Root NationNewsEU’s Digital Markets Act Can Break Big Tech Monopoly

EU’s Digital Markets Act Can Break Big Tech Monopoly


On July 18, the European Union adopted the Digital Markets Act (DMA), a set of new rules aimed at creating fairer online competition. The new legislation should create an equal opportunities for all market players.

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Big Tech

Let me remind you that Digital Markets Act was all about the “Gatekeepers”. The companies influence of which is so strong that it is almost impossible to compete with them: you either has to abandon your idea or be consumed by one of the Gatekeepers.

The categories for which the DMA was adopted include online search engines, app stores and social media platforms. The legislation also targets messaging apps, as well as advertising, e-commerce and cloud services.

Big Tech

To qualify as a Gatekeeper, a company must either have annual revenue of at least €7.5 billion ($8.2 billion) in the EU over the past three years, or have a market value of at least €75 billion ($82 billion). Gatekeeper must also have at least 45 million users per month and 10,000 business users registered in the EU.

Big Tech

According to the new law, Big Tech Companies will have to inform the European Commission about their acquisitions and mergers. Opting out of core platform services should be as easy as subscribing to them. The main features of instant messaging services must be interoperable, which means that users must be able to exchange messages and send voice messages or files between different messaging applications. Business users must have access to their advertising data on the platform.

What will be forbidden for Gatekeepers

  • to overprice their products and services;
  • to pre-install certain software;
  • to restrict user’s ability to uninstall any pre-installed software (and as a result, forcing users to use only pre-installed software is also forbidden)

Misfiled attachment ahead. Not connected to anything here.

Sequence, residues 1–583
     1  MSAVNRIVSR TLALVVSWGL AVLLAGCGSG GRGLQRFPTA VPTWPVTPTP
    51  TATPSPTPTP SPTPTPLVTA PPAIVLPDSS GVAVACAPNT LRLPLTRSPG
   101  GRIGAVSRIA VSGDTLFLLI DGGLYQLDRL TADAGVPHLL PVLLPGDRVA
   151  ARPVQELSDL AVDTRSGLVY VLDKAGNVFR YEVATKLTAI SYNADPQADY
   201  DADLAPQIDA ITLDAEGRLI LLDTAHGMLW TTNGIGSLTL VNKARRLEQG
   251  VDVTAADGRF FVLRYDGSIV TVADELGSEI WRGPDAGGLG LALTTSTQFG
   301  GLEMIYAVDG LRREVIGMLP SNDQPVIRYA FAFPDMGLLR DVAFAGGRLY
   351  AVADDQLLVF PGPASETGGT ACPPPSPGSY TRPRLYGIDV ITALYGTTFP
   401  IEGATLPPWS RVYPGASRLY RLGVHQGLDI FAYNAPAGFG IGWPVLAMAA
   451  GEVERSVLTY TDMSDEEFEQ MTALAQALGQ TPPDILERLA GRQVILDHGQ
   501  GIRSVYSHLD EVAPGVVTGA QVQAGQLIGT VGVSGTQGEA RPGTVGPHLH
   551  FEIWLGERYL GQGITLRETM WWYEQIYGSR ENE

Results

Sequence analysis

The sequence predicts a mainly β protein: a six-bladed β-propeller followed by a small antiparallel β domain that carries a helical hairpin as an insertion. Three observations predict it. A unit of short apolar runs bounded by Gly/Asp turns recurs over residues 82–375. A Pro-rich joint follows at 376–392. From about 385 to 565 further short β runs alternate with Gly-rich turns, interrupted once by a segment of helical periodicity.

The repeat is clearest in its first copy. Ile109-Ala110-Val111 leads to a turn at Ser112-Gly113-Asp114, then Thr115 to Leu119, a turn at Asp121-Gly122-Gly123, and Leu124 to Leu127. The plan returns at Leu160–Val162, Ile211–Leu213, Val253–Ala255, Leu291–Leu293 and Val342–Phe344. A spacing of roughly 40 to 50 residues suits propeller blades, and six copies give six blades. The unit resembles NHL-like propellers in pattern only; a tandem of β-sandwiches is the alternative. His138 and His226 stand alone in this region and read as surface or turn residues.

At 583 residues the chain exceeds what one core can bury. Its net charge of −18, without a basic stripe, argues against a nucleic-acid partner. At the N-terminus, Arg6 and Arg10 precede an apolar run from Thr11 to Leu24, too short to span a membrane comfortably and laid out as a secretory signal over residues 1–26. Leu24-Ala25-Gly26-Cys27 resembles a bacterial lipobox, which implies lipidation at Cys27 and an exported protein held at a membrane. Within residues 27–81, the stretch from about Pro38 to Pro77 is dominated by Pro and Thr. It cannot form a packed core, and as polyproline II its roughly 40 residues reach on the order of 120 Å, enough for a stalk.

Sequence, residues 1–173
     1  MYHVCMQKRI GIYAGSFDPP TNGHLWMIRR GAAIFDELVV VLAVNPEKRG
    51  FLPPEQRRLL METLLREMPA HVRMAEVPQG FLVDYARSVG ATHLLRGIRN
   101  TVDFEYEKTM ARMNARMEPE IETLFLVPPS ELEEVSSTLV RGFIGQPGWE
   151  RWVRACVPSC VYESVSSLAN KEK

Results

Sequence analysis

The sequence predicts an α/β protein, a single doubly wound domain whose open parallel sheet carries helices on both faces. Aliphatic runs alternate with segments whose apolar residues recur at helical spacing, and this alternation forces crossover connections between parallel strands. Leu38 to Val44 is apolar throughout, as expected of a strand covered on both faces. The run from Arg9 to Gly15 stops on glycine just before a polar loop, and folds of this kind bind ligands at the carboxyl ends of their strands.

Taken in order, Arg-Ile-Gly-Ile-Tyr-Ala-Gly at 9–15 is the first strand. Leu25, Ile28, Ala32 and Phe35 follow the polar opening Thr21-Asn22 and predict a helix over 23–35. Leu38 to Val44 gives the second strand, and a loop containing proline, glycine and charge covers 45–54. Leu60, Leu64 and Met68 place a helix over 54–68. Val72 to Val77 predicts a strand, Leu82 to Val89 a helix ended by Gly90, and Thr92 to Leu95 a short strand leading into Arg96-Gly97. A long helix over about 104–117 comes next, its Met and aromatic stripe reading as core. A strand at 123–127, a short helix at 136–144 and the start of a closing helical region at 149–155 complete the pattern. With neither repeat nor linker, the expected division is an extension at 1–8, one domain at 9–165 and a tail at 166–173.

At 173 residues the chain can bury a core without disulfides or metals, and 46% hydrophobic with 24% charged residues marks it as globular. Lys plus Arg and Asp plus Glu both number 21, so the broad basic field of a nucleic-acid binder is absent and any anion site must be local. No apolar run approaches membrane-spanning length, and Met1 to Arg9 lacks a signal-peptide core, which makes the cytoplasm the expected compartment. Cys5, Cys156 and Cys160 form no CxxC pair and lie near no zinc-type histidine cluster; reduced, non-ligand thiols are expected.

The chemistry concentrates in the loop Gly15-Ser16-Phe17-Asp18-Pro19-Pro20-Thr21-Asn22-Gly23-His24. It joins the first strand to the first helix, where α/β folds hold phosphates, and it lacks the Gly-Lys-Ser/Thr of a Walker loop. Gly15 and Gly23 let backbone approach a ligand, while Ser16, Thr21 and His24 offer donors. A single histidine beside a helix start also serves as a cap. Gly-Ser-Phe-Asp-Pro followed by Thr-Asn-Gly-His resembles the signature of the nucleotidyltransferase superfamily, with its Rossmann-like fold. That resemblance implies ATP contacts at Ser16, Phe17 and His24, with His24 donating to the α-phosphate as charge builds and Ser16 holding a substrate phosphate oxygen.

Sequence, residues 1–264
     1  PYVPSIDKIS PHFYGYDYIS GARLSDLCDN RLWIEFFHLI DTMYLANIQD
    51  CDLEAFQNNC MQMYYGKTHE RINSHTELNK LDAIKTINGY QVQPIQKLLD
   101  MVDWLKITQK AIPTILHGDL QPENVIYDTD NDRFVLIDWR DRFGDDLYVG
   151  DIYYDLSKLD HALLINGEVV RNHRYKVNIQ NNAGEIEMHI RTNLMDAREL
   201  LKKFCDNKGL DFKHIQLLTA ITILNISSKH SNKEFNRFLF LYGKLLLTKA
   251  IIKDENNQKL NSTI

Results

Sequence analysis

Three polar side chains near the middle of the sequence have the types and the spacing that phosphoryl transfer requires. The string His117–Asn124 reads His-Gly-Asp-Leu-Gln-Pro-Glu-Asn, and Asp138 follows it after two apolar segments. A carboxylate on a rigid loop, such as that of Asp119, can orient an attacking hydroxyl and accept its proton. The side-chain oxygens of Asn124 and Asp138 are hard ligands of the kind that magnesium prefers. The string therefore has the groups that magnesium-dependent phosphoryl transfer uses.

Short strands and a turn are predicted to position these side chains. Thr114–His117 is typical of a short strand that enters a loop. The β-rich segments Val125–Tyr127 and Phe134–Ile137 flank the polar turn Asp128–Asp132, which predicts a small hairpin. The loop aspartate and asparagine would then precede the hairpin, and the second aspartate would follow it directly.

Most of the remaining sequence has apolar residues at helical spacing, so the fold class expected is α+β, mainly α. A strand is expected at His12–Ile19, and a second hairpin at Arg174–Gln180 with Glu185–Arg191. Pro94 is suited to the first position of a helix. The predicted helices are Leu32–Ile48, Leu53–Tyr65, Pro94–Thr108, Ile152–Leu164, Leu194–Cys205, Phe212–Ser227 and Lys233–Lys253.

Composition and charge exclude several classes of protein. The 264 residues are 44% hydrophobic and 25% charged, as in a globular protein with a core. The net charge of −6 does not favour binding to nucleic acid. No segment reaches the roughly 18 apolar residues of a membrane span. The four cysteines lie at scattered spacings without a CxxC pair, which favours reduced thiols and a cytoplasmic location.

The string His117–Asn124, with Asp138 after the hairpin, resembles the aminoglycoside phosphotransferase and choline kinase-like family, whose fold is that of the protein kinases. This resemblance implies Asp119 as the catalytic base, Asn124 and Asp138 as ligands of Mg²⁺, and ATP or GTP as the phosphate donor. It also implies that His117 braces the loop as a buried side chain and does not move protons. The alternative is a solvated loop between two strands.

• to force developers to use certain payment platforms to sell their apps
  • to use personal data if it was collected by one service for another.

Punitive measures are quite strict – if the company does not comply with the new rules for six months, it faces a fine of up to 10% of the total global turnover for the year and up to 20% for repeated violations. And if they break the rules at least three times in eight years, the European Commission can launch a market investigation and, if necessary, apply behavioral or structural measures.

The Digital Markets Act will affect the so-called Big Tech group the most, which are the ones who allow themselves many of the things that, starting July 18, will be prohibited.

Big Tech

In practice, Apple will be forced to allow alternatives for app downloads and 3rd-party payments in the App Store, a move it resists because it would cost the 30% fee it charges on transactions.

Google and Meta will have to stop collecting data from various services they own in order to offer targeted advertising without users’ consent

Apple and Google will also have to say goodbye to the many default apps they provide during installation.

As for Amazon, it will have to stop prioritizing its own products over those of third parties and will be prohibited from using data collected from sellers on its platform to offer its own competing products.

So the new legislation will cost a lot of money for the Big Tech group, but it should bring fairness in the digital space and healthy competition back to the EU market.

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